“I never wanted to write topical songs,…. Have you heard my last two records, Bringing It All Back Home and Highway 61? It’s all there. That’s the real Dylan.”
~Bob Dylan (to Frances Taylor – Aug 1965)

“Highway 61 Revisited is the product of a series of recording session in which Dylan is performing at his peak, pure creativeness, sheer intensity, inspired by and pulling forth equivalent performances from the musicians around him. Whichever way he turns, something new and remarkable happens.”
~Paul Williams (Bob Dylan Performing Artist I: The Early Years 1960-1973)

Studio A
Columbia Recording Studios
New York City, New York
2 August 1965
The 5th Highway 61 Revisited session, produced by Bob Johnston

Continue reading August 2: Bob Dylan: 5th recording session for Highway 61 Revisited in 1965

July 30: Bob Dylan: 4th recording session for Highway 61 Revisited 1965

Bob_Dylan_-_Highway_61_Revisited

 

July 30: Bob Dylan: 4th recording session for Highway 61 Revisited 1965

“I never wanted to write topical songs,…. Have you heard my last two records, Bringing It All Back Home and Highway 61? It’s all there. That’s the real Dylan.”
~Bob Dylan (to Frances Taylor – Aug 1965)

“Dylan had not only changed his sound, but his persona, trading the folk troubadour for a streetwise, cynical hipster. Throughout the album, he embraces druggy, surreal imagery, which can either have a sense of menace or beauty, and the music reflects that, jumping between soothing melodies to hard, bluesy rock. And that is the most revolutionary thing about Highway 61 Revisited — it proved that rock & roll needn’t be collegiate and tame in order to be literate, poetic, and complex.”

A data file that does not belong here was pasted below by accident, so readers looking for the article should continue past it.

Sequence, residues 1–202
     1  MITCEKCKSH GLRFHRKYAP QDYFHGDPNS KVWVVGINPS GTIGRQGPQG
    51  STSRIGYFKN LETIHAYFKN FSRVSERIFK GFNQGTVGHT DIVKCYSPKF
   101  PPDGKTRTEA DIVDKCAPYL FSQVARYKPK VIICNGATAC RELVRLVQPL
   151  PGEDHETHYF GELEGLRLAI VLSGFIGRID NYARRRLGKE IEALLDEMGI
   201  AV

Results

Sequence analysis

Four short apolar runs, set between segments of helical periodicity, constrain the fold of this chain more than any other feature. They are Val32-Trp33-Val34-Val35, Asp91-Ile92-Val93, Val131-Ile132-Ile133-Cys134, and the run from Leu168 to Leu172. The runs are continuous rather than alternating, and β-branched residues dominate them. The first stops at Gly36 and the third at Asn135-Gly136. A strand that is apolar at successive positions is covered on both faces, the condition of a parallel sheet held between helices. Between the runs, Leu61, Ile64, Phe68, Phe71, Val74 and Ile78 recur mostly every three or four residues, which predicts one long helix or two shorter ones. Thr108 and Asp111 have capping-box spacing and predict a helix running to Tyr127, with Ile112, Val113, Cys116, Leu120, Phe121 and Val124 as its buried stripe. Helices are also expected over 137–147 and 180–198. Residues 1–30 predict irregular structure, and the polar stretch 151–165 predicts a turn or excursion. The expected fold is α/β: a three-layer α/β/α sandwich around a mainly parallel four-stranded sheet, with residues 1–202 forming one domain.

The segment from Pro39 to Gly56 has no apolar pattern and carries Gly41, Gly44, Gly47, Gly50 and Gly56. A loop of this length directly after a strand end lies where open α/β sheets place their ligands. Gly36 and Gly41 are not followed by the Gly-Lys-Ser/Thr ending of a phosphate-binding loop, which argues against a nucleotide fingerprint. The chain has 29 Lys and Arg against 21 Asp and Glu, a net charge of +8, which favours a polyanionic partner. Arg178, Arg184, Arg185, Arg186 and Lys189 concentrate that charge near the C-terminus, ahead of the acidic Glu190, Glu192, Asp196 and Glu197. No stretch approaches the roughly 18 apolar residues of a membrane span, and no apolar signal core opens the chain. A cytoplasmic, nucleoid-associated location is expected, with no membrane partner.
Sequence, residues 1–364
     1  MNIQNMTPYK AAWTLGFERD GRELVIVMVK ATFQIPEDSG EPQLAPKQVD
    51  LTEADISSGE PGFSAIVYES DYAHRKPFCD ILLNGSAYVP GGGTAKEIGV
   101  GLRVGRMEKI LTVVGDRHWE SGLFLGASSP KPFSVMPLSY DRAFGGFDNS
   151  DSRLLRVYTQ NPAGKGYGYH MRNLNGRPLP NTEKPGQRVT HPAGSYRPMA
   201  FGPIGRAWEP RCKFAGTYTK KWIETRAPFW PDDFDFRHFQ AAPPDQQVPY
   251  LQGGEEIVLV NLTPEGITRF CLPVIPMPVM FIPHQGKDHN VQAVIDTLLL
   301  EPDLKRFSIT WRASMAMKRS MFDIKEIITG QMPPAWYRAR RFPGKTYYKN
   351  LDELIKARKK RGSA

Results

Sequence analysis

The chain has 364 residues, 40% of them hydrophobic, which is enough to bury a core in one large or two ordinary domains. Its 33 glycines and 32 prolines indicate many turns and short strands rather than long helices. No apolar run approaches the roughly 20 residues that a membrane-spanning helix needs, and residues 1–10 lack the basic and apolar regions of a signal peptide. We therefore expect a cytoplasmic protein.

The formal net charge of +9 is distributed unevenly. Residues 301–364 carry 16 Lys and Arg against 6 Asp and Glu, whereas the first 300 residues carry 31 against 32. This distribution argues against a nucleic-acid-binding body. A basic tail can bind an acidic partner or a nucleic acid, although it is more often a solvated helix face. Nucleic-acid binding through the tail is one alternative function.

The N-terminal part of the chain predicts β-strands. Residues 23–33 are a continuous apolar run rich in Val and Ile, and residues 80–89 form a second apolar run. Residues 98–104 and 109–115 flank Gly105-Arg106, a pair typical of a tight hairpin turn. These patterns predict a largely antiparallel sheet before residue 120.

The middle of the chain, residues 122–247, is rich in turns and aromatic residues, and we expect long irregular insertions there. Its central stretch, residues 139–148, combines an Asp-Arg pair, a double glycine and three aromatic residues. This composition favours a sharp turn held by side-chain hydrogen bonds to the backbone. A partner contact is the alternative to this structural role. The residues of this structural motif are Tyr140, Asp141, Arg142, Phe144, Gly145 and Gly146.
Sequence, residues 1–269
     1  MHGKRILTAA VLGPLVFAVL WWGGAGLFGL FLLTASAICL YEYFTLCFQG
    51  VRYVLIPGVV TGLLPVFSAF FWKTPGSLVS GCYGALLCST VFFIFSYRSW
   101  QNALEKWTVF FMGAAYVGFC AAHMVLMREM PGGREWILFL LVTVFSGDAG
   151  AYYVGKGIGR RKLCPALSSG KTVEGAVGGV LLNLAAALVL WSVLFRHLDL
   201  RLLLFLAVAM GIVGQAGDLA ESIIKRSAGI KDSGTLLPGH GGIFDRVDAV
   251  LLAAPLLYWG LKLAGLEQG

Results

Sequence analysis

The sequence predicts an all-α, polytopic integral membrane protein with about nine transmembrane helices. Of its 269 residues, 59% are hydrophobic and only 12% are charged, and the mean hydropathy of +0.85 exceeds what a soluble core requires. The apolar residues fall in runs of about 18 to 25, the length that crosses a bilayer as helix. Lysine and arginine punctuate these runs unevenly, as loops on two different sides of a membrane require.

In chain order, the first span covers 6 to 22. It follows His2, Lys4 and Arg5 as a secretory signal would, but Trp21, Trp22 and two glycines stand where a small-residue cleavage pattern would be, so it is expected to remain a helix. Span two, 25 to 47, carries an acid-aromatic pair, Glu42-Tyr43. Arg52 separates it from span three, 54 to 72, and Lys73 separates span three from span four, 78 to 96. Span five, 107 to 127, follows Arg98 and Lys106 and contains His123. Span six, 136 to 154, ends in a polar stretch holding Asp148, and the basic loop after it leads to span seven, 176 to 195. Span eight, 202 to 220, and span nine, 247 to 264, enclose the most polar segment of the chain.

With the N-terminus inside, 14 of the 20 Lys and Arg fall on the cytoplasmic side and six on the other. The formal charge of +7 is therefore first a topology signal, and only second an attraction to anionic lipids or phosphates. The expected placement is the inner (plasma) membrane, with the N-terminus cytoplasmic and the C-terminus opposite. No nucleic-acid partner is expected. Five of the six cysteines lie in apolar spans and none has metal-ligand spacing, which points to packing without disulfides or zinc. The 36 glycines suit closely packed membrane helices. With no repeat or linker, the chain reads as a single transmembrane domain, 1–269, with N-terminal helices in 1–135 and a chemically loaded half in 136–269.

~Stephen Thomas Erlewine (allmusic.com)

Wikipedia:
On July 30, Dylan and his band returned to Studio A and recorded three songs. A master take of “From a Buick 6” was recorded and later included on the final album, but most of the session was devoted to “Can You Please Crawl Out Your Window?” Dylan was unsatisfied with the results and set the song aside for a later date; it was eventually re-recorded with the Hawks in October.

Continue reading July 30: Bob Dylan: 4th recording session for Highway 61 Revisited 1965

July 29: Bob Dylan: The third recording session for Highway 61 Revisited in 1965

bob_dylan-highway_61_revisited-frontal

 

July 29: Bob Dylan The third recording session for Highway 61 Revisited in 1965

“I never wanted to write topical songs,…. Have you heard my last two records, Bringing It All Back Home and Highway 61? It’s all there. That’s the real Dylan.”
~Bob Dylan (to Frances Taylor – Aug 1965)

“If you had to sum up Highway 61 Revisited in a single sentence, suffice it to say that it is the album that invented attitude and raised it to an art form. Just take a look at the cover. Nobody from Johnny Rotten to Eminem has done it better to this day.
~Nigel Williamson (The Rough Guide To Bob Dylan)

 

Studio A
Columbia Recording Studios
New York City, New York
29 July 1965
The 3rd Highway 61 Revisited session, produced by Bob Johnston

Continue reading July 29: Bob Dylan: The third recording session for Highway 61 Revisited in 1965